Ireland has one of the world’s most restrictive abortion law regimes. Following a referendum in 1983, the 8th Amendment of the Irish Constitution was inserted in the form of Article 40.3.3, which “acknowledges the right to life of the unborn” as “equal” to the right to life of pregnant women. Ireland thus became the first country to explicitly protect foetal life in its Constitution. This not only prevented abortion in Ireland, but also prevented the distribution of information about abortion and greatly frustrated women’s freedom to travel for the purposes of accessing abortion elsewhere. The 8th Amendment ushered in an extremely repressive regime that left women unable to exert reproductive autonomy, regardless of the circumstances and conditions of their pregnancy.
In the early 1990s this was somewhat relaxed when further referenda inserted into the Constitution the rights to travel and to access information. But abortion was still only possible if three conditions were met: (i) the life of the pregnant woman was subject to a real and substantial risk; (ii) the risk could only be averted by termination of the pregnancy; and (iii) the foetus was not yet viable so that abortion (rather than early delivery) was the appropriate mechanism of termination. This remains the case and is now governed by the Protection of Life During Pregnancy Act 2013.
Abortion is still prohibited in all other circumstances, including what is known as ‘fatal foetal abnormality’ (FFA). For people who find that their foetus has an FFA and decide that abortion is the appropriate choice, there are few options: it is an offence for medical practitioners to arrange an abortion elsewhere; abortions in such cases in the UK are expensive and can be traumatic; and there is a persistent stigma around abortion in Ireland that makes it difficult to access appropriate healthcare afterwards. Recently, the UN Human Rights Committee (UNHRC) found that Amanda Mellet, whose foetus has an FFA, suffered violations of her rights to freedom from inhuman and degrading treatment; privacy and bodily integrity; and, interestingly, freedom from discrimination as a result of Ireland’s abortion law regime. In light of this finding, the challenge now for Ireland is how to secure compliance with international law.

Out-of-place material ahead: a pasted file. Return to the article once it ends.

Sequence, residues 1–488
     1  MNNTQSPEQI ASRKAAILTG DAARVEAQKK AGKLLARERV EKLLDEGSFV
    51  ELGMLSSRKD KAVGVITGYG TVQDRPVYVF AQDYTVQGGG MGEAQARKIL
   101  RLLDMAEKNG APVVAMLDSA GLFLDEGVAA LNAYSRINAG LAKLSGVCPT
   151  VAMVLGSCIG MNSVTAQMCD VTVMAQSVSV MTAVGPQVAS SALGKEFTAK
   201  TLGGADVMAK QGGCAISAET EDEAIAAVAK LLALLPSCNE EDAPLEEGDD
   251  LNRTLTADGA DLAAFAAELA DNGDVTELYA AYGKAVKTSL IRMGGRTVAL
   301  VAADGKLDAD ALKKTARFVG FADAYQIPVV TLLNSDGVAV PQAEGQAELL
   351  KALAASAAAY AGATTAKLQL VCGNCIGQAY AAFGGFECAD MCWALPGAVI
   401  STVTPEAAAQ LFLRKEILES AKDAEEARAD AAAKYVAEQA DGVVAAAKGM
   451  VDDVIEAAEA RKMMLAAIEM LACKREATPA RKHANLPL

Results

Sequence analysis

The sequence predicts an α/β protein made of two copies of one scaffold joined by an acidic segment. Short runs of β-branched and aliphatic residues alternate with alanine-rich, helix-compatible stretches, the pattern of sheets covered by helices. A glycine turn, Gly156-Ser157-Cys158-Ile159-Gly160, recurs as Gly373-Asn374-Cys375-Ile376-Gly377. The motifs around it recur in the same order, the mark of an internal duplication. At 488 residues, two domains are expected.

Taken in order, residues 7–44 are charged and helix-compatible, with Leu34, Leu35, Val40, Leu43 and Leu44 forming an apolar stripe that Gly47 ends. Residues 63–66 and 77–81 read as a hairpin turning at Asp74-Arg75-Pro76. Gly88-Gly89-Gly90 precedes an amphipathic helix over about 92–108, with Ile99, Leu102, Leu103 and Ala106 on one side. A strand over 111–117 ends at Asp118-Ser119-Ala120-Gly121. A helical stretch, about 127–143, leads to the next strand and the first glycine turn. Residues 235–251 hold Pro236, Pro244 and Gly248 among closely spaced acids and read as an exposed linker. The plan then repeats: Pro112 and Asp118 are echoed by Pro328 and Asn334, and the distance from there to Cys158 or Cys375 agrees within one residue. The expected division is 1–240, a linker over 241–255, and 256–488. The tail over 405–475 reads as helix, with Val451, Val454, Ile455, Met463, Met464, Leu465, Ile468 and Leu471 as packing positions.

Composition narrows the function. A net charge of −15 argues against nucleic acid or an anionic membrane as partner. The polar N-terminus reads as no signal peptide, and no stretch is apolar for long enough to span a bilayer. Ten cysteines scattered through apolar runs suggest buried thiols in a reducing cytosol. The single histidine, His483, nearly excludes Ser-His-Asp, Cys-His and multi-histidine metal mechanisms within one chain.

The challenge arises because it is the Constitution itself — as determined by a referendum and interpretation by the Supreme Court in Attorney General v X — that is the source of the incompatibility. While constitutional standards do not enjoy any special status vis-à-vis international law (i.e. states cannot use their constitutions to claim exemptions from or justify non-compliance with international law), the practicalities of compliance are genuinely challenging. Governments cannot guarantee that the conflict between the constitutional standard and the international standard will be resolved where the only means to do so is referendum. However, a government also cannot attempt to justify non-compliance by reference to popular will where it does not give the People the option to (re)assess their will through a new referendum.
The Irish people voted on abortion in 1983, 1992 and 2002, but no referendum has ever offered the opportunity to liberalise abortion law. The Taoiseach (Prime Minister) has committed to convening a ‘Citizens’ Assembly’ to consider inter alia revisiting the 8th Amendment, and the UNHRC’s decision is expected to expedite this. However, to take the UNHRC’s decision as outlining ‘all’ that has to be done to make Irish abortion law compliant with human rights law and basic conceptions of bodily integrity, autonomy and self-determination, would be to mitigate the cruelty of the 8th Amendment only in a very particular kind of circumstance (FFA) without addressing the overall dilemma for pregnant women in Ireland. Thus, it is imperative that the terms of reference for the Citizens’ Assembly are expansive and allow for every option to be considered, including placing a positive statement of the right to self-determination in all medical matters into the Constitution.
The likelihood of that happening, however, seems low as long as the Government seems unwilling to have ‘big’ and difficult conversations about the status of the foetus, autonomy and self-determination, choice, medical care and medico-legal culture, belief, and morality. While decisions like the UNHRC’s can prompt political action, they cannot compel this difficult, uncomfortable, but necessary national conversation. Only political leadership and courage can do that. We wait to see whether that will be the legacy of the promised Citizens’ Assembly.